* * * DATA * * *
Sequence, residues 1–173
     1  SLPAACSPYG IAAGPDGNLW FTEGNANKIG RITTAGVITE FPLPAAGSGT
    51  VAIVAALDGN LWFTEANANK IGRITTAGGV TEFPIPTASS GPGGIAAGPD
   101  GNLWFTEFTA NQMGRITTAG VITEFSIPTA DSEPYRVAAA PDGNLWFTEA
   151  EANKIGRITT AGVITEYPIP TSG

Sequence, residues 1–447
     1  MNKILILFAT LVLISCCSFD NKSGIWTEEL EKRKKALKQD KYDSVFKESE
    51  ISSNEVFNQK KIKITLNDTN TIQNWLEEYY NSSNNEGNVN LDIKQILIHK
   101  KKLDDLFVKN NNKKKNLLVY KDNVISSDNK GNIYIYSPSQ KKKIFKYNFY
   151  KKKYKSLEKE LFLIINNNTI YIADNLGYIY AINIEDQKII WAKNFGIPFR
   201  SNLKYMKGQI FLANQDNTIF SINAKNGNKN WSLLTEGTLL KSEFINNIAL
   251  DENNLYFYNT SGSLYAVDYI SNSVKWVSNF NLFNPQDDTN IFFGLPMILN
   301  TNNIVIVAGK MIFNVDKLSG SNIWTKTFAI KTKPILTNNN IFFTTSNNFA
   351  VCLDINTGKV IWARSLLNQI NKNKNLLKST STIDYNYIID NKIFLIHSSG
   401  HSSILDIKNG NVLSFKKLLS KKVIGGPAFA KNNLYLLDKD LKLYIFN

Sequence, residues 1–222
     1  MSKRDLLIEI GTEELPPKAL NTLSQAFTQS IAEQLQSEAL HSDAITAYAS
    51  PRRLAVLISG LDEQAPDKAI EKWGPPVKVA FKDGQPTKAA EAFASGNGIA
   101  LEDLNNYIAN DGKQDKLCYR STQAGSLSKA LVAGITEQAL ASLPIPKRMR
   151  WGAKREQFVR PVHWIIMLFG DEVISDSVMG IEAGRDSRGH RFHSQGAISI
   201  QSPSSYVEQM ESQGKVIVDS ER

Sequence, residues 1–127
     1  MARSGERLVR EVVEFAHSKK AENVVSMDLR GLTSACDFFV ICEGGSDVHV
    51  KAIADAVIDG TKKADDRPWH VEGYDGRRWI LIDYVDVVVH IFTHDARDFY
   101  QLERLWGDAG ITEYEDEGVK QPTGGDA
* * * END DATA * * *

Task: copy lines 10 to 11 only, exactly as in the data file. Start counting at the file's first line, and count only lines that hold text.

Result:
   151  KKKYKSLEKE LFLIINNNTI YIADNLGYIY AINIEDQKII WAKNFGIPFR
   201  SNLKYMKGQI FLANQDNTIF SINAKNGNKN WSLLTEGTLL KSEFINNIAL